“If you love me, keep my commands. And I will ask the Father, and he will give you another advocate to help you and be with you forever— the Spirit of truth. The world cannot accept him, because it neither sees him nor knows him. But you know him, for he lives with you and will be in you. I will not leave you as orphans; I will come to you. Before long, the world will not see me anymore, but you will see me. Because I live, you also will live. On that day you will realize that I am in my Father, and you are in me, and I am in you. Whoever has my commands and keeps them is the one who loves me. The one who loves me will be loved by my Father, and I too will love them and show myself to them.”(John 14)

Now the RCC claims to have captured the Holy Spirit and to hold him prisoner within the Roman Church and He performs according to their demands.
The idea is absolutely ludicrous!

The wind blows wherever it pleases. You hear its sound, but you cannot tell where it comes from or where it is going. So it is with everyone born of the Spirit(John 3:8)
.

21 June 2014 at 09:00  
Blogger Rambling Steve Appleseed said...

If anyone is interested I wrote a few words about why I exited the RC church under 'Christian apologetics and counterblasts' on my www.questiondarwin.com site.

Boils down to having to make a decision whether to follow the word of God as set out in the Bible or the Pope of Rome. I chose the one that seemed best to me based on the available evidence, evidence that had been denied me during Catholic education where I had been force fed a false version of history and Scripture.

Not looking for a fight, but if as I am starting to see across the blogosphere Rome is getting up to her old tricks again, I am quite capable of picking up the Reformation flag and banging on about the manifold errors of Rome. Pity if that should become necessary in these times when we really ought to get back to basics and do what we can to counter twin onslaughts form the aggressive secularisers AND Islam.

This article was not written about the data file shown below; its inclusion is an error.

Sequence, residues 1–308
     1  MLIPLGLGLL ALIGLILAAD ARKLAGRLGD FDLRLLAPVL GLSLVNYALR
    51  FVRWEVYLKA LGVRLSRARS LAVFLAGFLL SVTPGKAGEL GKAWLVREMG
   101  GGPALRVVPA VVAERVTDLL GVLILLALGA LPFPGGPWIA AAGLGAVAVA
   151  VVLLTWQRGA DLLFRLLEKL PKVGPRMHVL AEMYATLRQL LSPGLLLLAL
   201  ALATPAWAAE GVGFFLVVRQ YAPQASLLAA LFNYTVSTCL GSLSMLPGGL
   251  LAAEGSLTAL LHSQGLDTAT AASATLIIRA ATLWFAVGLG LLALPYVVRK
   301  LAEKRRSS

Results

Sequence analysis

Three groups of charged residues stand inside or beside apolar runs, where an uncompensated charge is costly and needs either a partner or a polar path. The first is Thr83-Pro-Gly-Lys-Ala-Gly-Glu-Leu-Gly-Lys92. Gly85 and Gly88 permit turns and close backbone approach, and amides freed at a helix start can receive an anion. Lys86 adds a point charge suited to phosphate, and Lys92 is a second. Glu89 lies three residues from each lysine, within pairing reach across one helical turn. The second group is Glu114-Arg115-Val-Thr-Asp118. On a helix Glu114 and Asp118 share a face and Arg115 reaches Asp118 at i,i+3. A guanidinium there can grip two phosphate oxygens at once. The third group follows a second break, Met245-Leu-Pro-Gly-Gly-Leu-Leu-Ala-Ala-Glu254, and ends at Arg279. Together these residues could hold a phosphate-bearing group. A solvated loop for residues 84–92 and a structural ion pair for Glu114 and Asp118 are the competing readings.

21 June 2014 at 11:04  
Blogger Rambling Steve Appleseed said...

If anyone is interested I wrote a few words about why I exited the RC church under 'Christian apologetics and counterblasts' on my www.questiondarwin.com site.

Boils down to having to make a decision whether to follow the word of God as set out in the Bible or the Pope of Rome. I chose the one that seemed best to me based on the available evidence, evidence that had been denied me during Catholic education where I had been force fed a false version of history and Scripture.

Not looking for a fight, but if as I am starting to see across the blogosphere Rome is getting up to her old tricks again, I am quite capable of picking up the Reformation flag and banging on about the manifold errors of Rome. Pity if that should become necessary in these times when we really ought to get back to basics and do what we can to counter twin onslaughts form the aggressive secularisers AND Islam.

21 June 2014 at 11:04  
Blogger Happy Jack said...

Albert' Happy Jack thanks you for that clarification and understands and appreciates the point you have made.

Len
"Now the RCC claims to have captured the Holy Spirit and to hold him prisoner within the Roman Church and He performs according to their demands. The idea is absolutely ludicrous!

No Len, what you have written is another misrepresentation of Catholic teaching - yet another wilful false statement.

21 June 2014 at 11:05  
Blogger Rambling Steve Appleseed said...

sorry for double posting tried to delete spare but couldn't

21 June 2014 at 11:10  
Blogger Rambling Steve Appleseed said...

sorry for double posting tried to delete spare but couldn't

21 June 2014 at 11:11  
Blogger Rambling Steve Appleseed said...

sorry for double posting tried to delete spare but couldn't

21 June 2014 at 11:11  
Blogger Happy Jack said...

*chuckle*

Right click on the dustbin and it opens in a new window. Then scroll down and delete.

21 June 2014 at 11:47  
Blogger Albert said...

Rambling Steve,

Boils down to having to make a decision whether to follow the word of God as set out in the Bible or the Pope of Rome.

No it didn't. It boiled down to whether you were going to set out the follow the word of God as understood by the Body of Christ, the pillar and bulwark of truth, the fullness of him who fills all in all, or as understood by you.

21 June 2014 at 13:34  
Blogger Sister Tiberia said...

I found a quote today from an American Jesuit who had written a (deliberately?) provocative piece on the sacking of a gay teacher in the USA a few months ago. The usual suspects piled into him, and I thought his riposte was so good I saved it.